All but three girls at Le Foyer des Filles de Dieu orphanage are safe after the earthquake. For impoverished Haitian girls, schools and centres like this all-girls facility offer protection from a constant threat of rape or exploitation.LE FOYER DES FILLES DE DIEU PHOTO
HAITI - Long before the earthquake struck, long before the schools where they could be safe crumbled, girls and young women were the most vulnerable in Haiti. Now, in the aftermath of a disaster, there are greater fears for girls' safety in a country where hundreds of thousands of children live as indentured slaves and the poorest girls in Port-au-Prince slums are targets of gang rape.
"My worry is we put a lot of effort into bringing relief, but we have to have some protective measures to benefit women and girls to avoid their being victimized and sexually assaulted. It was already difficult in ordinary times," said Gerardo Ducos, Haiti researcher for Amnesty International.
A Haitian women's organization documented 238 rapes in an 18-month period ending June 2008: 140 of those were girls aged 19 months to 18 years.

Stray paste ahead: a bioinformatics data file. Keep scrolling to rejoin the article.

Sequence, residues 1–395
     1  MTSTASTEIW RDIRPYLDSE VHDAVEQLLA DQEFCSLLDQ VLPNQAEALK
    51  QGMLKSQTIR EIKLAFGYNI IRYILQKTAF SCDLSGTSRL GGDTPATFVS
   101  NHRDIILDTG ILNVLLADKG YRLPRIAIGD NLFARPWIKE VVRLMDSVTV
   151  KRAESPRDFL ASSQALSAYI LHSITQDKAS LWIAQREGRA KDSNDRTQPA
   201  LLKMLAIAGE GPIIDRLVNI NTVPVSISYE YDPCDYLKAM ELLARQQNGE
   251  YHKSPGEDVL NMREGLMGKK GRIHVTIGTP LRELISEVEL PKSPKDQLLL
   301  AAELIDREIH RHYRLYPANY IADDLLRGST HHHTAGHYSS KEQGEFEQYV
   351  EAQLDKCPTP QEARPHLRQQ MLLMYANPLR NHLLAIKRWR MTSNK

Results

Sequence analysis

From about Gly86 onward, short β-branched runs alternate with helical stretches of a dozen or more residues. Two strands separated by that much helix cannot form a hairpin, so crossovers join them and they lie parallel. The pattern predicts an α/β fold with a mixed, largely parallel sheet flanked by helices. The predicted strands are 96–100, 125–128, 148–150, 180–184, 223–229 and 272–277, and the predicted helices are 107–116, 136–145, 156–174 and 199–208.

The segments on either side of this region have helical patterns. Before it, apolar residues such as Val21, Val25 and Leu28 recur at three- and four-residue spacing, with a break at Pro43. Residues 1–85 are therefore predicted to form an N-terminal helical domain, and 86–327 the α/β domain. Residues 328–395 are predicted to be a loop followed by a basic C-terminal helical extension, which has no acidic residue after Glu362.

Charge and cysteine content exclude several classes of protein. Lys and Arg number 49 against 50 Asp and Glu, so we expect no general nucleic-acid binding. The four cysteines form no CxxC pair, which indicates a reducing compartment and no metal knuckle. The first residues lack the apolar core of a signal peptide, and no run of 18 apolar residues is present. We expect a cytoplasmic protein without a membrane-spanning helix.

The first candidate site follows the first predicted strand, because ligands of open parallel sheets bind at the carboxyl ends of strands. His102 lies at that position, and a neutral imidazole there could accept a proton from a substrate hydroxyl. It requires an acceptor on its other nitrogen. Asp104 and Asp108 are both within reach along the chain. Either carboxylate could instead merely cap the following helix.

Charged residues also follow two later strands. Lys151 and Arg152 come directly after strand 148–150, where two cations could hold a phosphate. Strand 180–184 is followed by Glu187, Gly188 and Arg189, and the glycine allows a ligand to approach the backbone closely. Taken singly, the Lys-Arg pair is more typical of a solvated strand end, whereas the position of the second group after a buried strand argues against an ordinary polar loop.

Prosecutions for rape, which became a criminal offence only in 2005, are pitifully few. The Guardian newspaper reported in a documentary film last year only 12 rape cases went to trial and that the police unit in charge of child protection has only 12 officers for 4 million children.
"I am not able to go to the police because I am really frightened," a girl named Stephanie, who was raped during carnival in February 2007, told Amnesty International. "The attackers really pressured me not to report them although I don't know them. This is all so humiliating. I had to stay quiet."
A girl named Laure described to Amnesty International how her landlord forced her to have sex – sometimes at gunpoint – so her family would not be evicted. When Laure's mother complained to the police, she was beaten up and Laure was raped again...
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